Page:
YOU ARE HERE: LAT HomeCollections


Path of Much Resistance

Jackson took a circuitous route into coaching to reach the cusp of history

June 06, 2004|Diane Pucin | Times Staff Writer

It happened at USC when Sam Barry ran a triple post offense while an undersized guard, Tex Winter, memorized every nuance.

It happened in Williston, N.D., where Bill Pederson, a small-town high school coach, drew up plays that intrigued a smart, scrawny center into finding beauty in the running of a pick-and-roll.

It happened when Winter, always tinkering and tweaking what he'd learned from Barry, gave clinics and Bill Fitch, an inquisitive young coach at the state university, took notes on a strange offense and made a still scrawny center run it in practice.

It happened at Madison Square Garden, where Red Holzman, a fiery authoritarian, preached that five men are better than one, that no one basketball player can win a game by himself.

And it happened in Albany, N.Y., where a young man still searching for his calling in life would drive the van to Continental Basketball Assn. towns throughout the East, make his players listen to the Grateful Dead and argue deep into the night with his point guard, Lowes Moore, who was a minister and a basketball player.

"Me and Phil, we'd talk about how basketball was spiritual and how you could make what happened on the court make things meaningful in the rest of your life," Moore said of his conversations with Phil Jackson.

Moore is a volunteer coach in Mount Vernon, N.Y., at the high school and the local Boys and Girls Club. He teaches young men and women the flex offense, which is what Jackson coached with the Albany Patroons. He lectures sternly on the values of teamwork and all for one.

Jackson is on the cusp of history. If the Lakers win the 2004 championship, he will become the first coach in NBA history to produce 10 title-winning teams. No one in American professional sports has won more than nine.

Jackson said he was humbled by this prospect.

"It's great fortune to be going after something like this," Jackson said Thursday. "It's almost ridiculous at some level to have this kind of opportunity. I value that. Yet I know that it's whimsy in many ways, a matter of happenstance and luck."

Jackson's whimsical journey began in Montana and North Dakota, where he grew up, and included a best-friend-philosopher-hippie named Charley Rosen, a man who became his unpaid assistant coach in Albany, and his co-author. It also included a guru in Winter, then a 60-something NBA assistant who stubbornly preached an offense called the triangle and who still has an office and a role with the Lakers and who still tutors Jackson in the intricacies of that triangle.

"Phil didn't take the traditional path to coaching greatness," Rosen said last week. "Phil wasn't the guy who came out of college, or even the NBA, with that burning desire to be a head coach. It was a process Phil went through to get to that point with the [Chicago] Bulls and with the triangle. He was always searching for a system he could believe in. Then he found the triangle and he had his 'wow' moment."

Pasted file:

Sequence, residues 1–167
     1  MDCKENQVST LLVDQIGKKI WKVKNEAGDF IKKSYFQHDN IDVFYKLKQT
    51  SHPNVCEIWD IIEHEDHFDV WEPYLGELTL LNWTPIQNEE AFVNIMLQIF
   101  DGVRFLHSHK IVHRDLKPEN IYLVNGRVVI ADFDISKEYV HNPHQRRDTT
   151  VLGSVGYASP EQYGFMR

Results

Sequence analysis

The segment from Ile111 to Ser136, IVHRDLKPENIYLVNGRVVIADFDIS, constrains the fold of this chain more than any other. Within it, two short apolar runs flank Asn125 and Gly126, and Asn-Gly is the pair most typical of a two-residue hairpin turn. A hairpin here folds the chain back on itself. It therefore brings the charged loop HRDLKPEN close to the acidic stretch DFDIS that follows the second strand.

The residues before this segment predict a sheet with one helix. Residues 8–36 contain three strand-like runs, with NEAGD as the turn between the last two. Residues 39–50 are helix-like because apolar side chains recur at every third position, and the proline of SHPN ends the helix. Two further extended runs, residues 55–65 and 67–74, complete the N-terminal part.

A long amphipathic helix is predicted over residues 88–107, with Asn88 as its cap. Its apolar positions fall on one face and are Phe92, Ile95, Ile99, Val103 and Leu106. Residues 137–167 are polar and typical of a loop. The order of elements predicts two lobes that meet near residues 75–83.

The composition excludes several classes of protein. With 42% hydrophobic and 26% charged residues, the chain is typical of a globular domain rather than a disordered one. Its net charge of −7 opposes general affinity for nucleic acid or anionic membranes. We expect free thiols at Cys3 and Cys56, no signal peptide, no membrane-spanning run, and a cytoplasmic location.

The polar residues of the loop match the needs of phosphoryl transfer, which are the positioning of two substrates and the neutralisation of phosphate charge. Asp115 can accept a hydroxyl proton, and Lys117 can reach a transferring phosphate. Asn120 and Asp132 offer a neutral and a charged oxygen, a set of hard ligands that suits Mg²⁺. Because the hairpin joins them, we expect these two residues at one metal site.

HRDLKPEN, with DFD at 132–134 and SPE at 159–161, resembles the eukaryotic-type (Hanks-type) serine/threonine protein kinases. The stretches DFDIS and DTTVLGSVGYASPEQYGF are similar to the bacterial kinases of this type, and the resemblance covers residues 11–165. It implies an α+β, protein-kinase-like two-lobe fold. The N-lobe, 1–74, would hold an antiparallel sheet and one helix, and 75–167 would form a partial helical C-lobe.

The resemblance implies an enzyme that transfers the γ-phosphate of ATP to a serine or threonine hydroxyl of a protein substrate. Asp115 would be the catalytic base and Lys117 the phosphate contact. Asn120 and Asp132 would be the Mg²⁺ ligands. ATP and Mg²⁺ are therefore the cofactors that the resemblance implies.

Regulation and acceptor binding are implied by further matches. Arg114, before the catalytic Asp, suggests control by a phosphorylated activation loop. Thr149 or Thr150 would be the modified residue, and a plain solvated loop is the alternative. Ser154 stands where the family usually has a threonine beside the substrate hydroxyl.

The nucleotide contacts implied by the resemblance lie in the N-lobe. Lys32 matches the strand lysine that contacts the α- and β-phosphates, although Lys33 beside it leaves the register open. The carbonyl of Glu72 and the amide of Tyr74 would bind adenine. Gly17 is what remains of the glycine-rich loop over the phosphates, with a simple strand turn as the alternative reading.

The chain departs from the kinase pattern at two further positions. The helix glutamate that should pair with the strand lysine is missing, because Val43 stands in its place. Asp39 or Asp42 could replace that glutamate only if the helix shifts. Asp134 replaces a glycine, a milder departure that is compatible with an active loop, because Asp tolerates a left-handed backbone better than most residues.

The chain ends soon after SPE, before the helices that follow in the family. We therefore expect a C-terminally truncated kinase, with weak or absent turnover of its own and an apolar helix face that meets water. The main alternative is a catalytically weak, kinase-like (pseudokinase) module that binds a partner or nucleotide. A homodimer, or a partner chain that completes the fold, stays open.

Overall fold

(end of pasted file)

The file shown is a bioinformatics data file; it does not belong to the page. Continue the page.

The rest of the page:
That moment had its roots at the University of North Dakota when Jackson was playing for Fitch. Fitch had learned from many people, but he had listened hardest to Winter.

In the book "More Than a Game," which he co-wrote with Rosen, Jackson recalled his playing days under Fitch:

"I know I enjoyed playing the offense because there always seemed to be a lot of usable spaces and because most of the movement was toward either the basket or the unguarded areas.

"Anyway, the offense was definitely intriguing. Twenty years later I happened to see a tape of one of our games and I was astounded to see that we were running the triangle!"

When Jackson was a hard-working player at North Dakota, he didn't think about coaching. He wasn't even certain he would play professional basketball. But Holzman, coach of the New York Knicks, had scouted Jackson at an NCAA tournament and signed the small-town Western boy to a big-city contract. From Holzman, Jackson learned about dealing with the mind of a player as well as the strategy of the NBA game.

"Above all else," Jackson wrote, "Red was a master at managing people. He could accurately gauge the intelligence and temperament of his players and determine how each of them should be treated.... [During timeouts], Red would ask the players what we wanted to run. This is something I still use. 'OK, guys. What's going on out there? Tell me what you think will work.' "

So what looks to some as detachment or, worse, laziness, is actually one of the first coaching lessons Jackson gathered from a mentor he admired.

"We would talk often and in-depth about Red Holzman and his way with people," Rosen said. "Phil found Red someone to emulate in many ways."

Still, Jackson would spend the last few years of his playing career dabbling in coaching. He served as a player/coach under Kevin Loughery with the New Jersey Nets.

"At that time," Jackson wrote, "and despite Kevin's inducements, I had no desire ever to become a head coach."

Los Angeles Times Articles